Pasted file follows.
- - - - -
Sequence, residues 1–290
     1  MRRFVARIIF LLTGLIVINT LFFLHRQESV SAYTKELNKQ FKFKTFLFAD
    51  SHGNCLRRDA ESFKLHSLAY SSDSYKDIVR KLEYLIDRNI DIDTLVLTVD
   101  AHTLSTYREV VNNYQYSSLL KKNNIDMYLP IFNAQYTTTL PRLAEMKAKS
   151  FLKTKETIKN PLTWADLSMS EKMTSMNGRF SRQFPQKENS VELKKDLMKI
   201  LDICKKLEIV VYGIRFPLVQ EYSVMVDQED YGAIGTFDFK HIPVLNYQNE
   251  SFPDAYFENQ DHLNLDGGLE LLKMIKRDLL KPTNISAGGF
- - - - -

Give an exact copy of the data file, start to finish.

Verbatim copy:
Sequence, residues 1–290
     1  MRRFVARIIF LLTGLIVINT LFFLHRQESV SAYTKELNKQ FKFKTFLFAD
    51  SHGNCLRRDA ESFKLHSLAY SSDSYKDIVR KLEYLIDRNI DIDTLVLTVD
   101  AHTLSTYREV VNNYQYSSLL KKNNIDMYLP IFNAQYTTTL PRLAEMKAKS
   151  FLKTKETIKN PLTWADLSMS EKMTSMNGRF SRQFPQKENS VELKKDLMKI
   201  LDICKKLEIV VYGIRFPLVQ EYSVMVDQED YGAIGTFDFK HIPVLNYQNE
   251  SFPDAYFENQ DHLNLDGGLE LLKMIKRDLL KPTNISAGGF